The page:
During the event we raised the point that the construction industry must have a clear pipeline of activity to ensure that we grow the talent needed in areas, such as retrofitting sustainably, to meet net zero targets. With a large proportion of SMEs in construction who hire apprentices it is crucial that this is higher up on the Government’s agenda. The response from the panel was in large agreement and the panel noted that unfortunately the pandemic has set everyone back, including those leaving education, by almost two years. Therefore, it may take longer for industries such as construction to see new talent entering the market due to these delays.
Outside of attending fringe events CIOB held a meeting with Brian Berry, Chief Executive of the Federation of Master Builders, to discuss professional standards, our joint campaigning on retrofitting and ensuring that our bodies continue to align on key issues across the construction sector.
Tuesday 5 October 2021
On Tuesday morning, Eddie Tuttle participated in a panel hosted by Built Environment Communications Group and Cavendish Advocacy. The panel discussed how Can the Construction Sector Meet the Demands of Building Back Better?
During the discussion Eddie highlighted that any debate on skills shortages in the industry was not a new one and that one of the key priorities for CIOB was to ensure that the quality of construction is improved through the planning reforms. To do this the industry should focus on new regulations and creating training programmes to provide the necessary upskilling. Eddie also noted the opportunities for new roles under the Building Safety Bill and the need for any future planning reforms to be aligned with building safety.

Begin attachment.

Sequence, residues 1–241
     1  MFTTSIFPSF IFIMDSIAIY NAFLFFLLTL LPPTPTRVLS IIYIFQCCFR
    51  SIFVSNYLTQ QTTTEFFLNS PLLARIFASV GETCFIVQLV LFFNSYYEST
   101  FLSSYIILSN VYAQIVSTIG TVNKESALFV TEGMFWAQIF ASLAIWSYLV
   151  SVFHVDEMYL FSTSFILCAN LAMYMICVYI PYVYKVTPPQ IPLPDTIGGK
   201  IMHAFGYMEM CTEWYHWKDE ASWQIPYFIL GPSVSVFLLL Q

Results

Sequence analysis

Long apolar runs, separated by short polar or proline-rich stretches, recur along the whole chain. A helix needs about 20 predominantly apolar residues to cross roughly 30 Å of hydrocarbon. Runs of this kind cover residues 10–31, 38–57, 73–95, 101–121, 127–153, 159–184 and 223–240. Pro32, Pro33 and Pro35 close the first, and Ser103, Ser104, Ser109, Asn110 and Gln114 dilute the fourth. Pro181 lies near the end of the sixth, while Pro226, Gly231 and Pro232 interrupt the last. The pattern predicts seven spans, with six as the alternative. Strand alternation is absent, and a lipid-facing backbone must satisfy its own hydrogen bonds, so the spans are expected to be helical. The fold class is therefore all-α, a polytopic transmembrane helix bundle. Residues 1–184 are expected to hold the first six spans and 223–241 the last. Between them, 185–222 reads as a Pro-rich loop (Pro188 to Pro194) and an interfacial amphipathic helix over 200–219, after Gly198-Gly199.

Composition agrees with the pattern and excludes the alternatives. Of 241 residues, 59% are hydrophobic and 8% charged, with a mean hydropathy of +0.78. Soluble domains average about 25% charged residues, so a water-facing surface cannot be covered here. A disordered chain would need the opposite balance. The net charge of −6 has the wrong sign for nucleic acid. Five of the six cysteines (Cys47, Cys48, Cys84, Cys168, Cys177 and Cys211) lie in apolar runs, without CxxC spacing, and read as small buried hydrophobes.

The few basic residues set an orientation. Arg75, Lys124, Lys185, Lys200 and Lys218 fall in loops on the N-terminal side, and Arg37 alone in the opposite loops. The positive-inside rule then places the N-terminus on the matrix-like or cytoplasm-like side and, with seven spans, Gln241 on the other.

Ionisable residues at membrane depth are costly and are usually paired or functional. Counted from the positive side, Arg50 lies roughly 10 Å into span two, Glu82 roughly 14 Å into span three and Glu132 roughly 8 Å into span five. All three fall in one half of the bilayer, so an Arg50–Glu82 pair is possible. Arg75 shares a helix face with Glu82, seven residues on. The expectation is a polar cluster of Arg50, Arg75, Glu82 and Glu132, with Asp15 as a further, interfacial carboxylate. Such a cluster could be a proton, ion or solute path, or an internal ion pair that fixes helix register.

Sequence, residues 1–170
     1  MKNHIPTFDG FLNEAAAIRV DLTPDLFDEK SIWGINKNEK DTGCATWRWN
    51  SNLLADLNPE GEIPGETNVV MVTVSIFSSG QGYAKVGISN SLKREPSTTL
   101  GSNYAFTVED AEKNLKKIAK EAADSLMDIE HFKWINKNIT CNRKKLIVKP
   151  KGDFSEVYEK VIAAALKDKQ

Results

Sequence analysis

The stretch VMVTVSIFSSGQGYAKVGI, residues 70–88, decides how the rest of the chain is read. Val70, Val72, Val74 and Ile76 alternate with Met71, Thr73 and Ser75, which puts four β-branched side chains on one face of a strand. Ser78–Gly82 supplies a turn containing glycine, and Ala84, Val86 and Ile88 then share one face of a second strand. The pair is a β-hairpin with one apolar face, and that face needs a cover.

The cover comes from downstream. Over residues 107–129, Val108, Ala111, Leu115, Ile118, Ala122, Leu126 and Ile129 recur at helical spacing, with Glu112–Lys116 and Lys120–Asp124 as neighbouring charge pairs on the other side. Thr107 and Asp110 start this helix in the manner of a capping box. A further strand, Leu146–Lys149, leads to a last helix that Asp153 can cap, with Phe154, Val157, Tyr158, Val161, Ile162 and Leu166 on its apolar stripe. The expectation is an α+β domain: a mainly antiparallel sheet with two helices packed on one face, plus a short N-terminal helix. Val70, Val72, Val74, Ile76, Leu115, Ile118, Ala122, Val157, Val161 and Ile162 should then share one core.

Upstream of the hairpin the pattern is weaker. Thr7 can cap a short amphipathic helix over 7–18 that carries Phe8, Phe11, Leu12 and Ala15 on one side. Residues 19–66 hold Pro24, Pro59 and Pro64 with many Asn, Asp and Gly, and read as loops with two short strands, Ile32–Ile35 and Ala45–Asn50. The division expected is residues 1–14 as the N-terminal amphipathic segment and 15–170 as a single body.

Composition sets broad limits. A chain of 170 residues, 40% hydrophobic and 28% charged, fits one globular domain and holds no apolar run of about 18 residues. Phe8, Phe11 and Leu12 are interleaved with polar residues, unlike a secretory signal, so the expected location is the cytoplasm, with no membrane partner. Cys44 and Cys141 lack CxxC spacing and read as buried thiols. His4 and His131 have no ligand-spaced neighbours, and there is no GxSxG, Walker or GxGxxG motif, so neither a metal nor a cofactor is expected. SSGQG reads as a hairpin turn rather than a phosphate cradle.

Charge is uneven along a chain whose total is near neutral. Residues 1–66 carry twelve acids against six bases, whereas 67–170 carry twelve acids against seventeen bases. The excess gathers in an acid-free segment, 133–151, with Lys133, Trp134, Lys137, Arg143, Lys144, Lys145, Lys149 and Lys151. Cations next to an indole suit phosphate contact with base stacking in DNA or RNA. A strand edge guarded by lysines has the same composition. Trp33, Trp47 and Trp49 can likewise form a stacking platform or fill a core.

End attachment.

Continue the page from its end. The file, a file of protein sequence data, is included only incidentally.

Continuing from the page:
Much of the debate focused on the role of MMC in addressing the UK’s housing shortage. During the event, Marco Longhi MP stated that the industry needs to lead the way in building back better and it was not for the Government to step in. Mr Longhi also encouraged innovation, stating that MMC was a good avenue for the sector to pursue but the industry had to overcome existing pre-conceptions to strive for modernisation. This point was echoed by Mark Farmer, Government Champion for MMC who spoke about how MMC can be seen as a positive force in driving wholesale change in the industry.
The latter half of 2021 has been encapsulated by feelings of trying to return to some semblance of normality after the many ups and downs of 2020 and Conservative Party Conference was no exception. Party Conference provided a fantastic opportunity to engage with policy makers and our sister bodies, many of whom we have not been able to meet due to the Covid-19 pandemic. We will now seek to develop relationships with many of the stakeholders that we met during Conference and continue to push the importance of the construction industry and wider built environment in Government.
It is clear that levelling up is at the heart of the Conservative Party’s agenda as there were no fewer than thirty eight fringe events with levelling up in the title. We encourage all members to keep a close eye out for future publications from the team as there will likely be much more to report on the finer details of how levelling up can be achieved in the near future.
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Separately, if you are interested in being more involved in our campaigning and policy work then we encourage you to apply to become part of CIOB’s External Affairs Advisory Board. Further details can be found here.